The principle of safety focuses specifically on themes such as immediately stopping the abuse, keeping the child secure at all times and reducing negative consequences and the danger of re-victimisation. A key question is how we can identify the elements that increase a child’s feeling of insecurity and reduce them in the best possible way.
The principle of efficiency places emphasis on information, timely response and continuity. A key question is how to secure a coordinated flow of actions and information about who does what, when and how, which facilitates effective procedures.
The principle of collaboration relies on respect, knowledge, mutual understanding and the continuous willingness to adapt and change within a normative framework. A key question is how to identify, recognise and overcome known hindrances to effective collaboration at every level.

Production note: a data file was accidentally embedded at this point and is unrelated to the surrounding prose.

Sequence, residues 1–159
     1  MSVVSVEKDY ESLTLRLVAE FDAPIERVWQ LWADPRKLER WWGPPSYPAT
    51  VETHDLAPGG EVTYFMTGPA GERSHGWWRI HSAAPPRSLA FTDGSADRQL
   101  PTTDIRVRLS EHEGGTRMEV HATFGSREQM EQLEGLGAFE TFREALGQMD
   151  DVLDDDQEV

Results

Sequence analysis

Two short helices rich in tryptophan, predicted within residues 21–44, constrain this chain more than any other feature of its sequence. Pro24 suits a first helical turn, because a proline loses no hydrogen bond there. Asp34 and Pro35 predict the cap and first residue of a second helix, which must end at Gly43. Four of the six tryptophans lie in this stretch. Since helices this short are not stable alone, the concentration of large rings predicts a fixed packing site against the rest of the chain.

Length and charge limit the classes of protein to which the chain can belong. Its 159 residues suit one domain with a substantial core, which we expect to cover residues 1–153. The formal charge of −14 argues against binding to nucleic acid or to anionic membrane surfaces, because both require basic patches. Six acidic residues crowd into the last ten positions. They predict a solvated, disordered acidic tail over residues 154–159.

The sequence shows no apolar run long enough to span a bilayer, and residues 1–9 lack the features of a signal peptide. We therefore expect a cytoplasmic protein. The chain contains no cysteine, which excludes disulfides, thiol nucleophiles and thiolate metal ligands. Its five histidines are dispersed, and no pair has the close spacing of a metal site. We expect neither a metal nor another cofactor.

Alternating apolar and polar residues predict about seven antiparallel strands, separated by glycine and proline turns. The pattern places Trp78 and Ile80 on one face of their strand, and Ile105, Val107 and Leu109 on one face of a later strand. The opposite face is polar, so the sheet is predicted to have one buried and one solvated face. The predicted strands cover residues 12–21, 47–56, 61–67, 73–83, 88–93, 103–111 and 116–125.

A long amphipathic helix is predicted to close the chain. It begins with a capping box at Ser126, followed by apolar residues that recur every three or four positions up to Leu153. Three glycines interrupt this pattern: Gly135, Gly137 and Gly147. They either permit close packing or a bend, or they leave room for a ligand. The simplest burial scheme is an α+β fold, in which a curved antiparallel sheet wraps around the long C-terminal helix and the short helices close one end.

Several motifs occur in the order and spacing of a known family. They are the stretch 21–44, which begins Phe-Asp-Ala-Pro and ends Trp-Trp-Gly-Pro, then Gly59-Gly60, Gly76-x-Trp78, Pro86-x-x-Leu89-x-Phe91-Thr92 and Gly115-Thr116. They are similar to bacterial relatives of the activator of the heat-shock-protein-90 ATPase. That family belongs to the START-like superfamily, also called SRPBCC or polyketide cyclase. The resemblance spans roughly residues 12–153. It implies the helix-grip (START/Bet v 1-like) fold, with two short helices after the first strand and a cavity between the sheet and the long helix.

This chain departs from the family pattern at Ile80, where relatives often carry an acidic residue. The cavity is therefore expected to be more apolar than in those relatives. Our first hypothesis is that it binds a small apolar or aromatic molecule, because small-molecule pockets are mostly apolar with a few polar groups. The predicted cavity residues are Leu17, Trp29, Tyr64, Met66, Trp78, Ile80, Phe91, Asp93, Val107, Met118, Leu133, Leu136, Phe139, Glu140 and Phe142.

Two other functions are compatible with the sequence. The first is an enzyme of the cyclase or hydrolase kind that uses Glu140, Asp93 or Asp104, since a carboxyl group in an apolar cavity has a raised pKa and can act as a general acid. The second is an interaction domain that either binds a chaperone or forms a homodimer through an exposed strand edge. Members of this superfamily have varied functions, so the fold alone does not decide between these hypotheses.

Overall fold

A Step-by-Step Descriptive Analysis—an Illustrative Process Diagram of the Justice Systems
The diagram embodies a broad definition of justice systems, including first and foremost agencies that play an important role in the processes or that have a responsibility to make decisions that can and may have a definitive outcome in a case concerning child sexual abuse. It shows Barnahus as a special agency and signifies its involvement in connection with the CWS and the police.
The diagram identifies four distinct steps in the processes deriving from various Icelandic laws and regulations: the first response, the investigation, measures during investigation and measures after investigation. The importance of an illustrative process diagram of this sort is to signal who is mainly responsible for particular actions at any given stage in the complex procedures.